Reconnecting sexually after your affair should not be considered a sign of reconciliation because there is so much that needs to happen in order for both spouses to recommit to the marriage after an affair.

Understand and expect that real healing takes time and should not under any circumstances be rushed.  At the same time, it’s hard to heal completely if sexual intimacy is being put on the back burner for all the wrong reasons, such as payback.

Remember: having sex doesn’t mean all is forgiven and life is all good now.  However, it is a step in the right direction of building on the list above.

Spouses must learn how to openly talk about intimacy, honestly and in a non-judgmental fashion.  And please understand…intimacy issues are not to be brought up during intimacy connecting.

Sometimes we have these great visions of how these intimacy chats will go and they fall flat.  So if you have an intimacy experience that falls flat, simply hold one another to take the pressure off and just be fully present for one another. Do not discuss what went wrong in the moment. Schedule that discussion for a time you know will be more successful.

Learn how to affair-proof your marriage from this day forward with our FREE eGuide – 3 Ways to Rebuild Your Marriage After an Affair

I say schedule because most of us are busy with day-to-day tasks that you want to make sure you are MAKING time to discuss marital concerns.

My husband and I implemented “Tough Talk Tuesday” where we bring any of our concerns to the table to discuss.   Perhaps you might consider doing the same.  Just protect the time so it is uninterrupted. Make your marriage the priority it needs to be.

Love Making Sex Vs. Break Me Off Sex

Many couples can relate to the two different types of sex; “lovemaking sex” or “break me off” sex. I’m sure you have gone between both with your spouse and that is perfectly normal.  However, during the affair-recovery period, you want to focus on lovemaking sex, especially while the bond of love and trust are in the process of being restored. There will be plenty of time to get back to breaking him or her off 🙂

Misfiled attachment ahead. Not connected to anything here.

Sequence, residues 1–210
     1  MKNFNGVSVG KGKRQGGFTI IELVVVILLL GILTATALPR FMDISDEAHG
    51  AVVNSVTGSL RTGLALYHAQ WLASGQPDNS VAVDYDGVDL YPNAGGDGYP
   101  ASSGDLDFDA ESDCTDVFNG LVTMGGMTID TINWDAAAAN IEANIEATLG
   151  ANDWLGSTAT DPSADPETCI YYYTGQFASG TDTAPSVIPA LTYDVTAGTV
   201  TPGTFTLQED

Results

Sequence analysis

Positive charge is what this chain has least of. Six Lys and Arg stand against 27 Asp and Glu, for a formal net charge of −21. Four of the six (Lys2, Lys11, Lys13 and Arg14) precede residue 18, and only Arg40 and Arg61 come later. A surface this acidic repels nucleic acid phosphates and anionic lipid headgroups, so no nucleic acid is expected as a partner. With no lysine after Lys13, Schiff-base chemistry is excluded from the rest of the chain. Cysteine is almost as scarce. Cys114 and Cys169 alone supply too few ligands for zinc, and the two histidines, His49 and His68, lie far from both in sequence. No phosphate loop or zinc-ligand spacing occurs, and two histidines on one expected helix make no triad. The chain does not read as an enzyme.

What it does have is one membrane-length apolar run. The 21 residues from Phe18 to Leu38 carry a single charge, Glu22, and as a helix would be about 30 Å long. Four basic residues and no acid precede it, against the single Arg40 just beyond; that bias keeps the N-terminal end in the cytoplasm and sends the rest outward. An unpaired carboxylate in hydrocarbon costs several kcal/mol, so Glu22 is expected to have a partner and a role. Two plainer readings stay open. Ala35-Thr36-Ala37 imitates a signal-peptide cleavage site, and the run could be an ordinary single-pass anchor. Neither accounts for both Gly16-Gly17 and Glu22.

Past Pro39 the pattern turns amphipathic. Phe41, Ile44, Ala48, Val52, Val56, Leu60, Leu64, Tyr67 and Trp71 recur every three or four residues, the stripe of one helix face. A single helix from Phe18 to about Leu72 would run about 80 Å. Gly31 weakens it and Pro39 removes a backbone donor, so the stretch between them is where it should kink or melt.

Patience, tenderness, and understanding must be practiced to restore intimacy.  Marital issues and sexual issues mirror each other in marriage, in most cases.  What happens in your marriage will tend to show up in the way you are (or are not) engaging in intimacy, and what is going on in your intimate life with your spouse, will tend to be acted out in how you’re doing your marriage.

In restoring intimacy after an affair, it’s vital for the wayward spouse who had the affair to be sensitive to the needs of the betrayed spouse in restoring reassurance of their sexual attraction.

When people engage in certain acts of intimacy in their affairs, it is most helpful to the overall healing process for the unfaithful partner to be open and honest in their communication with the spouse in terms of potentially exploring the possibility of doing those same or similar things in the marriage, if their betrayed spouse desires it and it proves to be healthy for both spouses.

There is no intimacy without an open heart.  If the heart is closed, then so are the doors to unleash all the positives listed above.  When it is open, it has the capacity to generate love, warmth, affection and last but certainly not least…intimacy!

About the author

Da-Nay Macklin wrote 59 articles on this blog.

Coach Da-Nay Macklin is a Certified Christian Life & Relationship Coach, founder of the Courageous Conquerors Mastermind and Author of Love After Adultery: The Breakthrough Journey of the Brokenhearted Available on Amazon She is one of the nation’s leading experts on infidelity and a thought leader on maximizing potential as she assists couples and individuals to live life by design and not default. Da-Nay has been has been featured on the Oprah Winfrey Network’s show Unfaithful: Stories of Betrayal after successfully navigating adultery in her marriage, and named one of the 15 most powerful women on the south side of Chicago. She now resides in Charlotte, NC with her loving husband and daughter.

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How to Forgive Yourself After Your Affair

BY: - 8 Jun '17 | Infidelity

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Dealing with the guilt, shame and self-hatred or the flooding of negative emotions and feeling of self-worthlessness after the occurrence of an extra-marital or non-marital affair is no easy feat.  I’m speaking from experience, and this cycle of self-shaming could be as hindering on the marriage/relationship as the affair itself.

Dwelling the on shame, instead of dealing with the problem is the equivalent to picking a wound that is trying to heal. You will inadvertently prolong the pain and hurt for both parties, gradually chipping away whatever chance you had for healing and rebuilding the burnt bridge.  This could ultimately lead to doom and gloom for the marriage/relationship. Both the cheater and the partner who was cheated on are victims in every act of an affair.